There are few things capable of dividing a country more than a debate about how to make the best cup of tea. Milk first, or last? How long do you leave the tea bag in? Crucially, how much milk do you take? 

Most of us can agree on one thing: that using a microwave instead of a kettle to heat your water is sacrilegious. But now, new research suggests that the microwave might just be the key to making the perfect cuppa. 

In an article published in AIP Advances, a group of Chinese researchers claims that the secret to perfecting microwave tea is getting the mug right. 

Many of us know that making tea this way is just not right, but the scientists give us the language to explain why this is exactly and emphatically true. 

When heating liquid over a stove, for example, the water is heated from below. Once that hot water heats up, it moves to the top, allowing cooler water to be heated – a process you might remember from Junior Cert science as convection. 

When you're using a microwave, however, it's not the same. When you heat a cup of water, the entire cup is warming up too, so the convection process doesn't happen. Because of this, the liquid at the top of the cup ends up being much hotter than the liquid at the bottom, the researchers from the University of Electronic Science & Technology of China explain.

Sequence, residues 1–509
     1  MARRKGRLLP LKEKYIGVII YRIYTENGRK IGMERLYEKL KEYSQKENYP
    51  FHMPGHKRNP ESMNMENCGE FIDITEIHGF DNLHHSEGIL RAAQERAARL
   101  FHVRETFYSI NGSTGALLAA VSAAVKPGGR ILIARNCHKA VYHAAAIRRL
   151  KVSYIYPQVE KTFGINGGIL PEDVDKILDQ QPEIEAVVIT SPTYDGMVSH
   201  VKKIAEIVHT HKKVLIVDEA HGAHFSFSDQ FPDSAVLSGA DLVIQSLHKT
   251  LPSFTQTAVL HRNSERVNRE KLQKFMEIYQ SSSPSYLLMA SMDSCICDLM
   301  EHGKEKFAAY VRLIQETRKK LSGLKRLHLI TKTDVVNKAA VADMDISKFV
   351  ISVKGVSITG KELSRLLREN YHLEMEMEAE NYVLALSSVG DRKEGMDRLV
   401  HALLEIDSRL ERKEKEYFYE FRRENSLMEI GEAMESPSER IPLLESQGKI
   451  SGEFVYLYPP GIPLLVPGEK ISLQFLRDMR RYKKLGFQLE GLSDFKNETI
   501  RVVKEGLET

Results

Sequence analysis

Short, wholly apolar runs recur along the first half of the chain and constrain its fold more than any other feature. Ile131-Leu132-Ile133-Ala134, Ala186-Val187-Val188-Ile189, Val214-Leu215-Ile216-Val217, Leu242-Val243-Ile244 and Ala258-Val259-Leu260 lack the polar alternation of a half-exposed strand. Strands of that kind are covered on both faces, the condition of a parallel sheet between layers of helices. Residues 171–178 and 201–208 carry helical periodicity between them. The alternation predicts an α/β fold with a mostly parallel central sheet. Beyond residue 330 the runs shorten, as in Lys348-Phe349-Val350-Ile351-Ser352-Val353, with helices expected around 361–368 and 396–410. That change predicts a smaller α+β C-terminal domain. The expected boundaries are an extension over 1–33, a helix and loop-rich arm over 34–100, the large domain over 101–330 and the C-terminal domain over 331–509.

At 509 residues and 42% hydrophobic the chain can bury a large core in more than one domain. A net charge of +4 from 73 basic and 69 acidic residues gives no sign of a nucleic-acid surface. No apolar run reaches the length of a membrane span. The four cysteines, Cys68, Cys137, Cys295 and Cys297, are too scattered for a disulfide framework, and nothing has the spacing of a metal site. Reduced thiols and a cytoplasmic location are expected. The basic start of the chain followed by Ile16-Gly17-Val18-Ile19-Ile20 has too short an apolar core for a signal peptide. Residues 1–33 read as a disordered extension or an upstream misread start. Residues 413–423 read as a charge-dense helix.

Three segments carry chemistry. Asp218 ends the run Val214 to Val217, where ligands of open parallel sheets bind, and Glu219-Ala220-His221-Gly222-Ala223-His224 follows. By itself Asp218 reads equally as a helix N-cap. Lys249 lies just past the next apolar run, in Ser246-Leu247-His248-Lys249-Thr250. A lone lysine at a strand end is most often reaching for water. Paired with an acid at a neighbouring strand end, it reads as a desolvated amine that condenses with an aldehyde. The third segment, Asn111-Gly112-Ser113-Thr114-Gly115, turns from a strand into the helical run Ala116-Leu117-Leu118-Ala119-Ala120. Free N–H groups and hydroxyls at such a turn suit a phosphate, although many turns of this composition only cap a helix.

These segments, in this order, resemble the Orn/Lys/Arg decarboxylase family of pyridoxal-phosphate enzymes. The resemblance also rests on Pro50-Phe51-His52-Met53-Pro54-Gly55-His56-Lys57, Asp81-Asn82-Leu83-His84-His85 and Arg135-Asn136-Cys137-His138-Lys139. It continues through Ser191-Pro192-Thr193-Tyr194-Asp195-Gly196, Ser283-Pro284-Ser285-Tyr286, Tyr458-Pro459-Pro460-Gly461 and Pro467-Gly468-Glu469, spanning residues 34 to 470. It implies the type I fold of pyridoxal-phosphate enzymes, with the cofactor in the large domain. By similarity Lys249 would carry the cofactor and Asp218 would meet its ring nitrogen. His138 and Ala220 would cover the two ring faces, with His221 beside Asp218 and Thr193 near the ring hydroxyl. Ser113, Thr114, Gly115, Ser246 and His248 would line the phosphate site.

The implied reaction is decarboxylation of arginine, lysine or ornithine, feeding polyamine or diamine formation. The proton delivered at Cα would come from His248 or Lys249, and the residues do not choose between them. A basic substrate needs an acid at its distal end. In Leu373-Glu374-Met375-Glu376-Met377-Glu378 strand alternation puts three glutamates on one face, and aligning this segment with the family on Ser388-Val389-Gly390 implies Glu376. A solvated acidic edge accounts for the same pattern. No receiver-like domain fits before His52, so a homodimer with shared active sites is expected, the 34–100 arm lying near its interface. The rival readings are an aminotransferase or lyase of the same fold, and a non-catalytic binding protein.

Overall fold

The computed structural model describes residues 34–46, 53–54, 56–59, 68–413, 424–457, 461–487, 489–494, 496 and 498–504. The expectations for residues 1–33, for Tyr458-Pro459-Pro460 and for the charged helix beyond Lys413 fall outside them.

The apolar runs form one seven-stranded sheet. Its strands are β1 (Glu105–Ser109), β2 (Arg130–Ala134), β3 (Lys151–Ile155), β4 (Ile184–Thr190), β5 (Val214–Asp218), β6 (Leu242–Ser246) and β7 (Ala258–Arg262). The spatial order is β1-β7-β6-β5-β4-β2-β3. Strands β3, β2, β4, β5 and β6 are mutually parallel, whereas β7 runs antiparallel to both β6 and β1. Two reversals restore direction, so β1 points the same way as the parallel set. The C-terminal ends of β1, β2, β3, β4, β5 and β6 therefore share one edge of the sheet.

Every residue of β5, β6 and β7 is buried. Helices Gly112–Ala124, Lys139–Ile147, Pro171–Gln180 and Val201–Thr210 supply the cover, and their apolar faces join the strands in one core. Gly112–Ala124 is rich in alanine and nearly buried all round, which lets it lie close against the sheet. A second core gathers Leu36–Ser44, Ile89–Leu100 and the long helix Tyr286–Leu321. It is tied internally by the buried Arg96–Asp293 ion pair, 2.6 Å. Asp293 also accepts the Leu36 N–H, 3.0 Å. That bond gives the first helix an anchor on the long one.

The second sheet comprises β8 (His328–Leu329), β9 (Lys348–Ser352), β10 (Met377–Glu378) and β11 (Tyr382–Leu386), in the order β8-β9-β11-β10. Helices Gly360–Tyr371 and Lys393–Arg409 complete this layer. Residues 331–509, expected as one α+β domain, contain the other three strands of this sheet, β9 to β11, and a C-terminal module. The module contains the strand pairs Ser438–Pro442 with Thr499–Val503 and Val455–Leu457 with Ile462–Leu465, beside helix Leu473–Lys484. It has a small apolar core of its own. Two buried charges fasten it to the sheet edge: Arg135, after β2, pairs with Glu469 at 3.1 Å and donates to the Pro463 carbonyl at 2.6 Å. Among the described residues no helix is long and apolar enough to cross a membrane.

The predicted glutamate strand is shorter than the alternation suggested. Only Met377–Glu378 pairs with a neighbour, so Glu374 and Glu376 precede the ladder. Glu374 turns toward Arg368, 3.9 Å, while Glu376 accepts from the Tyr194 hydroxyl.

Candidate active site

They solved this problem by making a special container with a silver-plated upper section. They write that the silver plating guides the waves, blocking the heating and allowing water to heat the same way it would over a stove.

And if the idea of putting metal in a microwave wakes up the Home Economics student in you, fear not. All you need, the researchers say, is a container with finely tuned geometry. 

"The metal edge, which is prone to ignition, is located at weak field strength, where it can completely avoid ignition, so it is still safe", says Baoqing Zeng, one of the authors on the paper. They say this kind of design is already in use in microwave steam pots and rice cookers. 

Now, unfortunately, this doesn't work for heating up leftover spaghetti or curry. The researchers are hard at work coming up with design solutions to overcome that hurdle.

In the meantime those of you with a taste for microwave coffee and a silver-plated mug with finely tuned geometry can enjoy your cuppa in peace, knowing you might have been right all along.